One of the most important representatives of free-jazz, Coleman founded his own musical concept – philosophy – which he called Harmolodics, and based it on his own composition/improvisation principles. Multi-instrumentalists Matt Lavelle and John Pietaro decided to record a theme album that honors both. The Monk’s works are processed in a manner close to Coleman harmolodics concept. The template for improvisation are found in some of Monk’s most famous songs: “Epistrophy”, “Pannonica”, “‘Round Midnight”, “Crepescule With Nellie”, “Ruby My Dear”, “Blue Monk”, “Monk’s Mood” and “In Walked Bud “, but also those less known to a wider circle of listeners, such as” Green Chimneys “and” Let’s Cool One “.
In addition to the musical setting, Lavelle, who plays cornet, flugelhorn and alto clarinet, and Pietaro, who plays the vibraphone, bodhran (Irish drum similar to the Arabic instruments related defu), congas and percussion, their approach is based on the philosophy of a grand music. For example, there is the significant Coleman’s story about his appearance at the psychiatric ward of a hospital when, looking at the audience, he could not distinguish between physicians from patients, as well as Bartok’s belief that new music has to be deeply rooted in folk music, the world’s musical heritage. All these experiences and consolidate completely in their vision of contemporary improvised music.
Although they are virtuosos who play musical instruments, that aspect is secondary. Primary is a new approach to standards, sound research, communication and interaction. The music that We would be happy to listen to some of this music at the upcoming Zagreb Biennial.”
Published: December 18, 2014
“Great album that may as well claim the title “Disc of the Year”. Technically, it refers to the category of tribute album, but it was too different from the usual work of this kind. Moreover, a double tribute here. One character of this tribute is quite obvious: his name is on the cover. Interest in the work of Thelonious Monk and his ideas over the years, as a noble wine, is gaining strength. I have never pointed out in reviews the list of songs in the album, but in this case I want to deliver fully. So, this is a program consisting of the following by the famous pianist and composer: Epistrophy; Pannonica; Green Chimneys; ‘Round Midnight; Crepuscule with Nellie; Nutty; Ruby, My Dear; Let’s Cool One; Blue Monk; Monk’s Mood, In Walked Bud – almost all of the most famous and performed of his work. And now for the second hero tribute, whose name is not immediately identify the ordinary, and to some extent the advanced fan of jazz. It is, of course, will link the term “garmolodichesky” with musical and philosophical concept of music, put forward at the time Ornette Coleman. The man, whom many consider the father of free jazz (and only this term in any case, it appeared in the title of his album), created his, frankly, somewhat confused and vague theory garmolodii (this word he combined the concept of “harmony”, “movement “and” melody “, of course, in their English sound). In a nutshell, it is based on the same principles as in the free jazz – atonality, polymodality, rhythmic freedom and so on, but also the crucial role of the individual musician in the music they created. Thus, a collection of great plays Monk performed in this project from the standpoint of theory “garmolodicheskoy” Coleman.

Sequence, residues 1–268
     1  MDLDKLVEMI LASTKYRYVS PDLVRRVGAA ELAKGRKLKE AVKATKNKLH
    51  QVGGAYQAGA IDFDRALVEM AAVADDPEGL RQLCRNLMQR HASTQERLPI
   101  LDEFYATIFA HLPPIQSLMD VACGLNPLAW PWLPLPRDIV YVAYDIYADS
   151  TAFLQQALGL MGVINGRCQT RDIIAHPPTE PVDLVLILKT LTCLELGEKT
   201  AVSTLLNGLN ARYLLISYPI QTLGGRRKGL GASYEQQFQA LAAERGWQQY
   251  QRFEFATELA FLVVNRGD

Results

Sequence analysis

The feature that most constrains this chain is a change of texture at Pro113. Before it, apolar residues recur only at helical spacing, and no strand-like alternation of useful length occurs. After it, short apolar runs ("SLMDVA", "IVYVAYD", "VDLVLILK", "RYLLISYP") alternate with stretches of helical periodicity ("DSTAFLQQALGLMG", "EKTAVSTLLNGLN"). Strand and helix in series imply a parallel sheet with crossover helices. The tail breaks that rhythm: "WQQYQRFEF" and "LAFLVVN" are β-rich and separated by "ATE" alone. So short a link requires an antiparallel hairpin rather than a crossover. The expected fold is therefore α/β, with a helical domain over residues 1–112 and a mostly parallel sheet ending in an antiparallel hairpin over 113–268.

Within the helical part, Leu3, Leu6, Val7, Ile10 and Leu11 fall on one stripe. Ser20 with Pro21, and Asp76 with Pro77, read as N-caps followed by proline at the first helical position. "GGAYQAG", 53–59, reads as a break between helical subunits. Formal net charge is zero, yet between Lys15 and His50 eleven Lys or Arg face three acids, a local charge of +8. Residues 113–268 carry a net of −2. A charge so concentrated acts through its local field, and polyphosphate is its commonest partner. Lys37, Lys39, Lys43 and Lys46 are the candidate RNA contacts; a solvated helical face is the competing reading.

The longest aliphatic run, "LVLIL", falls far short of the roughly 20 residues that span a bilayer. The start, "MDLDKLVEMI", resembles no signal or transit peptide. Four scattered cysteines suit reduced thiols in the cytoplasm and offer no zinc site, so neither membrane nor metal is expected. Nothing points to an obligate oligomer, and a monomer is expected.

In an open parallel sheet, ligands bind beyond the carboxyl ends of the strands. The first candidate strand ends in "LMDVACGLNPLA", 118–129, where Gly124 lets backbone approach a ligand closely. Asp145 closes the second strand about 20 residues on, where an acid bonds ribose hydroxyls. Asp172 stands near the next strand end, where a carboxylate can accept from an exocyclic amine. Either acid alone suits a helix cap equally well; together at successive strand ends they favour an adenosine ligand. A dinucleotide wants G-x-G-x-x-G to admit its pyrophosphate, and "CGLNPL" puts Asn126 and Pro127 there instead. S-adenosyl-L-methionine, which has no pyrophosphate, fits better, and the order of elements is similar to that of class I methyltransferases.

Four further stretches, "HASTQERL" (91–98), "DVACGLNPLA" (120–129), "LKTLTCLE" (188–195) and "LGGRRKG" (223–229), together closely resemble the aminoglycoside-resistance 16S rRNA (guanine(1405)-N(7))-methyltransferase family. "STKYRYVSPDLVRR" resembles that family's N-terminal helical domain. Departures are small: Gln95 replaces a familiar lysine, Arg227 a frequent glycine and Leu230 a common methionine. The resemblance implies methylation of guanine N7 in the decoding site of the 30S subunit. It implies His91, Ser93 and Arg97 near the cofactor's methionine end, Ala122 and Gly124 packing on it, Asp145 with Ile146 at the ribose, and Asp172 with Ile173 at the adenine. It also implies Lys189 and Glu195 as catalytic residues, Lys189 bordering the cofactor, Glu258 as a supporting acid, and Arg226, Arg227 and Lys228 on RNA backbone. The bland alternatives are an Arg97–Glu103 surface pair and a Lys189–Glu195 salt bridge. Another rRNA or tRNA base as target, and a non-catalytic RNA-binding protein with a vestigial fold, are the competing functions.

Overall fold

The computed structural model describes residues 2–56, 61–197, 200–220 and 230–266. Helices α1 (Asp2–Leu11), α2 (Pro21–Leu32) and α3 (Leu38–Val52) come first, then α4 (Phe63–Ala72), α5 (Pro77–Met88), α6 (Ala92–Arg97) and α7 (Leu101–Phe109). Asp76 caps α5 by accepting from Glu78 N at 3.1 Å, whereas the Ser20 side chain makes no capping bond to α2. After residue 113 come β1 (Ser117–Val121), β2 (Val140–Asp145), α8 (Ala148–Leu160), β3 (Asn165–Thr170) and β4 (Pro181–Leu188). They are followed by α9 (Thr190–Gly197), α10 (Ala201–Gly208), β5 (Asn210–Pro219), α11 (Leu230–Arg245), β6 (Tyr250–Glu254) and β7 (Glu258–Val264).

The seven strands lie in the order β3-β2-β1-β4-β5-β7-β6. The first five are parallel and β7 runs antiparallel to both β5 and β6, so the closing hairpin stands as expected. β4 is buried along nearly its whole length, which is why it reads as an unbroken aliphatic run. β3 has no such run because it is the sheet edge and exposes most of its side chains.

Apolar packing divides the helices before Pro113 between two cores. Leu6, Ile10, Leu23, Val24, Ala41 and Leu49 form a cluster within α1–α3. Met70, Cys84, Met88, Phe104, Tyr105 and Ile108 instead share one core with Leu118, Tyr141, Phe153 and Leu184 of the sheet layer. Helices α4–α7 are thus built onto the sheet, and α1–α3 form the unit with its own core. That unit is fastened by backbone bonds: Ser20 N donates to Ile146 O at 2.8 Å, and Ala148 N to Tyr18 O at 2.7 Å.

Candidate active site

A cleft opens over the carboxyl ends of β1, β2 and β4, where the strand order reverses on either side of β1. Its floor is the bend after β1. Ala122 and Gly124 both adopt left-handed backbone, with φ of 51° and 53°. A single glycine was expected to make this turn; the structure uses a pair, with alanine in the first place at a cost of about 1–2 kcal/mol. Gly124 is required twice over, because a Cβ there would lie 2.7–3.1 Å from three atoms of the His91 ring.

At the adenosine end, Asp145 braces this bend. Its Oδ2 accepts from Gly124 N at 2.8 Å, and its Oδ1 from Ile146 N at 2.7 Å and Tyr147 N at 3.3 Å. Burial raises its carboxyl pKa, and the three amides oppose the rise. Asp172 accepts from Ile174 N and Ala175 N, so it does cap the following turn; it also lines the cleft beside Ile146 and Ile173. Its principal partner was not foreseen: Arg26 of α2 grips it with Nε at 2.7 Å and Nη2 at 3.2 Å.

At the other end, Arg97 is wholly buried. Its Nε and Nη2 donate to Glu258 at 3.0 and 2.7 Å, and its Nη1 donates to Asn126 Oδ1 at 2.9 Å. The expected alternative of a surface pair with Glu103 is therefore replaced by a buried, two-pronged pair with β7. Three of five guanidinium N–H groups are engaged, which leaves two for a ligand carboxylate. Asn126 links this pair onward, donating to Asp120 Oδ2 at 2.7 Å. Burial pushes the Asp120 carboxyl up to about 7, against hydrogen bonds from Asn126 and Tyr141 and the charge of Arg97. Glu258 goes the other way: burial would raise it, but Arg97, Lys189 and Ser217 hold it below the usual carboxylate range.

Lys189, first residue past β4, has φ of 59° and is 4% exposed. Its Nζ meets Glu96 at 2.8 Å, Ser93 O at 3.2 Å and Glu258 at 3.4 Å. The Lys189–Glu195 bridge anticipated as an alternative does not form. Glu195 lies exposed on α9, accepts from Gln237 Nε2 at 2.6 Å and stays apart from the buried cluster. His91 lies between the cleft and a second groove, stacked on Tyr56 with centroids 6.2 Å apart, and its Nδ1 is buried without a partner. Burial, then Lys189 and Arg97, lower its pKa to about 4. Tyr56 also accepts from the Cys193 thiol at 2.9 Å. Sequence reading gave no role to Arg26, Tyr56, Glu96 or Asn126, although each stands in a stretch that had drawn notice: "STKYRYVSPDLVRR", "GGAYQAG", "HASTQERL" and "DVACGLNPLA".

Well, now it’s time to move on to the creators of the project. There are two of them, so we are dealing with a difficult to execute and not always easy to grasp duo format. By the way, Monk – pianist, Coleman – a saxophonist, but you don’t hear these tools in the Harmolodic Monk album. According to the duo toolkit rather trivial. Matt Lavelle plays the cornet, flugelhorn and alto clarinet, and his colleague John Petaro plays the vibraphone, congas and other percussion, including an Irish drum Bowral (according to experts Gaelic word correctly transcribe it that way). Trumpeter Matt Lavelle (r.1970) was in his work through a series of metamorphoses: he began to swing, then played the mainstream, and from the end of the last century became friendly with the Downtown Music, in New York, became inveterate avant-gardist. In 2005, Matt began taking lessons from Ornette Coleman. Apparently, it was then that he was filled with garmolodicheskimi ideas, and certainly since was introduced to the arsenal of tools: alto clarinet, which showcases his sound when you play the first track Epistrophy. John Petaro is not only a musician, but also a publicist. In both guises this Brooklyn native professes the most radical views on art, and also belongs to the circle of brilliant masters of avant-garde jazz.
I will not go into details of presentation Monk music duo from the viewpoint of Coleman, and advise you not to dwell on it. It is better to just listen to the sophisticated sounding (wind + vibraphone + percussion), creative interpretation of the original, and just extremely interesting music. I can only say that the version of “Round Midnight” by duo Lavel – Petaro seemed to me one of the best ever heard before. I advise you not to miss this album!”